inspired by the subject: When our cells sleep: Quiescence and Renaissance, proposed by the Angela Taddei Team, Institut Curie, Paris, France

 

The idea that cells can be quite active while “sleeping” and that beneath the calm beauty of “sleep” or sound can be the most intense reservoir of emotion, musical textures and active simplicity: this concept and dichotomy of quiescence in cell biology translated directly into music for me and is the core of the quintet. My direct communication with the scientific team deepened this inspiration received via their research and the concept and importance of quiescence and provided a kind of musical intimacy with science.

Melody, effects, rhythmic patterns and layers were inspired by quiescence—that music can be static, inactive and quiet while being simultaneously extremely active. Flickering, stochastic blinking generated from PALM-Microscopy also provided direct musical influence in the quintet. But the translation from the fountain of inspiration I received from the science into music was not literal; I did not want to mimic or act out any scientific process, imagery or research. Instead, this is my personal reaction, and I explored, through the lens of poetry and abstraction, some of the sounds and patterns I associate with imagery, scientific research and motion related to the state of quiescence.

“Abstraction” said Armenian-American painter Arshile Gorky, “allows man to see with his mind what he cannot physically see with his eyes. Abstract art enables the artist to perceive beyond the tangible, to extract the infinite out of the finite. It is the emancipation of the mind. It is an explosion into unknown areas.”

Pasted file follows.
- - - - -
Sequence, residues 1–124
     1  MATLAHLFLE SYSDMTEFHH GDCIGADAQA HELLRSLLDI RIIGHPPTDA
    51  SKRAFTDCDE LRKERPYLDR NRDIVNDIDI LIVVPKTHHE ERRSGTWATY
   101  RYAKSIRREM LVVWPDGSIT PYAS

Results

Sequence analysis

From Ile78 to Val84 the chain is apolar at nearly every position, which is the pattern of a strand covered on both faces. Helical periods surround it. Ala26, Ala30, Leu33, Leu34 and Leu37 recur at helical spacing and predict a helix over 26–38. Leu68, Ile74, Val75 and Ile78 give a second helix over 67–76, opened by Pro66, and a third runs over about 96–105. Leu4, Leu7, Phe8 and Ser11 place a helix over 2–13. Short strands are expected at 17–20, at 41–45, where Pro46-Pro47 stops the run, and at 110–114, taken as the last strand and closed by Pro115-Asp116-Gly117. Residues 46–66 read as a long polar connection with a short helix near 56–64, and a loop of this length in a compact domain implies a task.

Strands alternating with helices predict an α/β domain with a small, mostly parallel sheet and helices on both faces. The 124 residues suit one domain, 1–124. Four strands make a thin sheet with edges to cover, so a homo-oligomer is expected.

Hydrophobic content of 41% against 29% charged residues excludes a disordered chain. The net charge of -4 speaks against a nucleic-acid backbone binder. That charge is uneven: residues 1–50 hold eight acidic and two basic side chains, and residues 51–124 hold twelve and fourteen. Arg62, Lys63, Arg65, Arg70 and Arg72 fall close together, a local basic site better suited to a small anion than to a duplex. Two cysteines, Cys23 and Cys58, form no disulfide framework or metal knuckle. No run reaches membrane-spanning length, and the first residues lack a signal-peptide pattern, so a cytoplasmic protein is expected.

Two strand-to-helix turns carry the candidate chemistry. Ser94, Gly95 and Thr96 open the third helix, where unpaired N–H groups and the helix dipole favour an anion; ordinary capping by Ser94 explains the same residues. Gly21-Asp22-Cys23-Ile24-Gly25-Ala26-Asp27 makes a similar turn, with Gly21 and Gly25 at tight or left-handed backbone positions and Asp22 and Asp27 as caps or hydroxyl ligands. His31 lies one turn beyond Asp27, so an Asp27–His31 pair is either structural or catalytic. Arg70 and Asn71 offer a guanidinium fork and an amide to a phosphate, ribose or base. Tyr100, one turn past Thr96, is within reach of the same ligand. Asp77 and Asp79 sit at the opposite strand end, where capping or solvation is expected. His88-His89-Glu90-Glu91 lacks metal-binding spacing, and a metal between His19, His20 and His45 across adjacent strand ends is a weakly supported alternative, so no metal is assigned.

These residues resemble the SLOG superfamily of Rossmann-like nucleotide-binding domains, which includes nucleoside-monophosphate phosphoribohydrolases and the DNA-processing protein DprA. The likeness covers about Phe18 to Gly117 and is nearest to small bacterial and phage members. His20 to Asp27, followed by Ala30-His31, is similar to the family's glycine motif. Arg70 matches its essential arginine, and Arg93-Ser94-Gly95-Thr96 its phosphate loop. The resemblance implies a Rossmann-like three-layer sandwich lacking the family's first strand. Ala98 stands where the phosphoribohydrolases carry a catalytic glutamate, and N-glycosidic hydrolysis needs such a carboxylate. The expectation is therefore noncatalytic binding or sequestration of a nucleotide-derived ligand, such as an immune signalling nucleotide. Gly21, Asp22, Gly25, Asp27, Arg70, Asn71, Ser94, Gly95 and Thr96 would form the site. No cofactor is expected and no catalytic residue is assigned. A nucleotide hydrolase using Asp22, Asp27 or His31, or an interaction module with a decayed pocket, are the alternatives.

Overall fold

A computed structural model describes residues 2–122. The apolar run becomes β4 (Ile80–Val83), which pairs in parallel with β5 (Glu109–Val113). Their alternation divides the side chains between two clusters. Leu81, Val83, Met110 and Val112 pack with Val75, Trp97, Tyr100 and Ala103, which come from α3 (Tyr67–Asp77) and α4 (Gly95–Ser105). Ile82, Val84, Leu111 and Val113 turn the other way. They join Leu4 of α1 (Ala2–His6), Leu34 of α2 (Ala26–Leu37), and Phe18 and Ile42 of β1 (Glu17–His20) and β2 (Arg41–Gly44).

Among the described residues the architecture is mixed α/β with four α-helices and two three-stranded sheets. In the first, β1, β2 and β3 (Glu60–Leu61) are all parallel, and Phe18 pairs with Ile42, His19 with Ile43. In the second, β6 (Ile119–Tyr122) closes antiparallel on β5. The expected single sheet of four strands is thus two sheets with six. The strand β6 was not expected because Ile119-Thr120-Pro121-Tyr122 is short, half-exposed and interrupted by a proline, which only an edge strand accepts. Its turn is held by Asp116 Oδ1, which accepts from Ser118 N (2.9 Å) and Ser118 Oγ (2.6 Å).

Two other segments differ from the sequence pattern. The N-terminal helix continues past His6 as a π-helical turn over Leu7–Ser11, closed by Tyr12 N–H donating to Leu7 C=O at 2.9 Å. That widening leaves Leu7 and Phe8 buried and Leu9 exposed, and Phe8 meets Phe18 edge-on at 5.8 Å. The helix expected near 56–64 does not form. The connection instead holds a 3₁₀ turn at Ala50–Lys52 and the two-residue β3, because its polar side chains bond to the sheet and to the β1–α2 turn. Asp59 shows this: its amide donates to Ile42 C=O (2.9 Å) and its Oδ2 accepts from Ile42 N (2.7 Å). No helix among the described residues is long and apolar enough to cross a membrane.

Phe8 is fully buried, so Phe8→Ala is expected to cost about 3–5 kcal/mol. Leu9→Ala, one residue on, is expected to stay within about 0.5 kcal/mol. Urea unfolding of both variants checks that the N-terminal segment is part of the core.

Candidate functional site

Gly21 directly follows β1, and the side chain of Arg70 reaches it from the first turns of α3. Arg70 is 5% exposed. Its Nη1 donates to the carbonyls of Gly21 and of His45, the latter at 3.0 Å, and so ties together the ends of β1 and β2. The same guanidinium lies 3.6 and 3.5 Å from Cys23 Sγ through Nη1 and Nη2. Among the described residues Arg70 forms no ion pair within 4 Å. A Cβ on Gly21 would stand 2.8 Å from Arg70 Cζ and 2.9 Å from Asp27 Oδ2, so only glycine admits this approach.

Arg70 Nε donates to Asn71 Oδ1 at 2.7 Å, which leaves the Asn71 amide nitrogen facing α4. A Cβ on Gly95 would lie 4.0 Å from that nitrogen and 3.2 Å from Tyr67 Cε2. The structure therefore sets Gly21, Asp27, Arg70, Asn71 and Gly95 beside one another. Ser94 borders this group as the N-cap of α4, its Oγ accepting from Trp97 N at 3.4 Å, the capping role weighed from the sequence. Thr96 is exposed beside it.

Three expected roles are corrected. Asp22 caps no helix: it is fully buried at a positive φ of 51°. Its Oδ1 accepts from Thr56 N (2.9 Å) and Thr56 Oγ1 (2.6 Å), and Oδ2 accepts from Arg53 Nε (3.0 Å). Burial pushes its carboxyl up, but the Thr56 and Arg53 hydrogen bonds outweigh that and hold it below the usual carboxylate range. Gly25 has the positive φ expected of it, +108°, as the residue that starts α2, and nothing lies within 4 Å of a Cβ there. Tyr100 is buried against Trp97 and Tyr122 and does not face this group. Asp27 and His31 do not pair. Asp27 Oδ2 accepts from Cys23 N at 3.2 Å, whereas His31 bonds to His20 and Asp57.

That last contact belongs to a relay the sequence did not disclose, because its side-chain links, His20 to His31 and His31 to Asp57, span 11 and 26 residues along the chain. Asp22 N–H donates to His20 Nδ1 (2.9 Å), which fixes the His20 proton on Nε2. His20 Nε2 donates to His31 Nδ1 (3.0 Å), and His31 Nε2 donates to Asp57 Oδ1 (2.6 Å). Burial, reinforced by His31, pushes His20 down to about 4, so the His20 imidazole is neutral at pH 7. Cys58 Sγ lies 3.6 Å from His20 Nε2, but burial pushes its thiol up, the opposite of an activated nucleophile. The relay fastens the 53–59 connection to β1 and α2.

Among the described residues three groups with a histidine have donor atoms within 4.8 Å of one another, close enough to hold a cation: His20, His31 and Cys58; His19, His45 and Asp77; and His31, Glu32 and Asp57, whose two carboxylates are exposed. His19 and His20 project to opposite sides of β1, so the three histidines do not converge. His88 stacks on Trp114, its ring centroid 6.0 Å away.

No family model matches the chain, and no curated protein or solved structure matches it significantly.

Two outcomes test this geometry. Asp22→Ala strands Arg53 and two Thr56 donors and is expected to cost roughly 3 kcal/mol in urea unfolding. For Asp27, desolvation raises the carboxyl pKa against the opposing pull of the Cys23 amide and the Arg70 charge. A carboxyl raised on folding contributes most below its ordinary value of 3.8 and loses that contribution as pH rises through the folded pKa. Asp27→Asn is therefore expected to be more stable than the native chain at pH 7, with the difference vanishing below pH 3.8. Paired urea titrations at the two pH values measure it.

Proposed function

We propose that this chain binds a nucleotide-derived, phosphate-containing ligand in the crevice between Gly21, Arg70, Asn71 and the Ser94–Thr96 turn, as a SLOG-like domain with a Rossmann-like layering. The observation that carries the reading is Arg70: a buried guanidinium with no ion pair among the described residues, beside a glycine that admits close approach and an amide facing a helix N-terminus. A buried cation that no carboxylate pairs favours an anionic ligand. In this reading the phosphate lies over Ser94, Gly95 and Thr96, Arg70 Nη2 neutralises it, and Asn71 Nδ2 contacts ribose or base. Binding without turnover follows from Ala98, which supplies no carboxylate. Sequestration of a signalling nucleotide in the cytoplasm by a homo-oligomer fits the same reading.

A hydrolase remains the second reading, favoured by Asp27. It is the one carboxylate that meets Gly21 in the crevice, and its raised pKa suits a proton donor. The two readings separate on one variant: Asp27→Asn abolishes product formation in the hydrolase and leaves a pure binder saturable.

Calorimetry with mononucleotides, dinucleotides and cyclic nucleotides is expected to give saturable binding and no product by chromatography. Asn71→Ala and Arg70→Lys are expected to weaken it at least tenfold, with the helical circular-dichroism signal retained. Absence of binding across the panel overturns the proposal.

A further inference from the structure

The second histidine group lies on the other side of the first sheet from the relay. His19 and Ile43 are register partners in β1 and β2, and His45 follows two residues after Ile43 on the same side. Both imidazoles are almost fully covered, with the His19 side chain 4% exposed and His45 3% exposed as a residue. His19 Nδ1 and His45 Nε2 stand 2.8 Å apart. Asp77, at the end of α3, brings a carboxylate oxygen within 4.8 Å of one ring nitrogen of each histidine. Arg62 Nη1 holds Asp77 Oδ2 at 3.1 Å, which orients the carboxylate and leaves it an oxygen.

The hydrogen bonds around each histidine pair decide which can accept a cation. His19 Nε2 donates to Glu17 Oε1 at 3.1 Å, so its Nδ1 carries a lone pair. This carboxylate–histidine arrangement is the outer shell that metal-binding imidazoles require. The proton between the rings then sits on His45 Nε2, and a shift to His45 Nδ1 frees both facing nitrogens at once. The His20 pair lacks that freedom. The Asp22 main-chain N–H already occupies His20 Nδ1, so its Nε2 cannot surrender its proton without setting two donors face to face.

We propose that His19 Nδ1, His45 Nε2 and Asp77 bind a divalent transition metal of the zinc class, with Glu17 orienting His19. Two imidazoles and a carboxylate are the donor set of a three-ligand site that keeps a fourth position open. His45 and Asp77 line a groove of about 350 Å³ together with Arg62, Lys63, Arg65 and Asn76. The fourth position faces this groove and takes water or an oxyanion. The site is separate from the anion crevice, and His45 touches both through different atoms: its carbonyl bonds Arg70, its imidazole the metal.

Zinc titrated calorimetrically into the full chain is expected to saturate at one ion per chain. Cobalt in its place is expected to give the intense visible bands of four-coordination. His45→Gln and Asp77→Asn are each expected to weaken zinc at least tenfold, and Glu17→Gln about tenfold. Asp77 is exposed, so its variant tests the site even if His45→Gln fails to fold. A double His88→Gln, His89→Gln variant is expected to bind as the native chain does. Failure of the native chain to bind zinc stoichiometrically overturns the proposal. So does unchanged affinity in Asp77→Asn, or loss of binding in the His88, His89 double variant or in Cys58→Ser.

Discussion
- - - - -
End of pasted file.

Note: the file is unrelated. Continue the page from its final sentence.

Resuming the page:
Quintet: Quiescence is dedicated to Judith Miné-Hattab and the Angela Taddei team.

 

Geoffrey Gordon, composer

 

Geoffrey Gordon

US/UK composer Geoffrey Gordon’s contributions to the contemporary music repertoire have been and continue to be exceptional. His music has been called “darkly seductive” (New York Times), "complex, richly-satisfying " (BBC Music Magazine), "stunning" (Philadelphia Inquirer), “iridescent and fierce” (The Chicago Tribune), “taut and exhilarating” (Classical Ear), “haunting” (Strings Magazine), "gripping" (Bachtrack) and “remarkable” (Fanfare). Chicago Tribune music critic John von Rhein called Mr. Gordon’s lux solis aeterna, “a cosmic beauty ... of acutely crafted music.” The London Philharmonia identifies “his infectious style and “an ear for melody,” the New York Times his “zest for sonic experimentation.”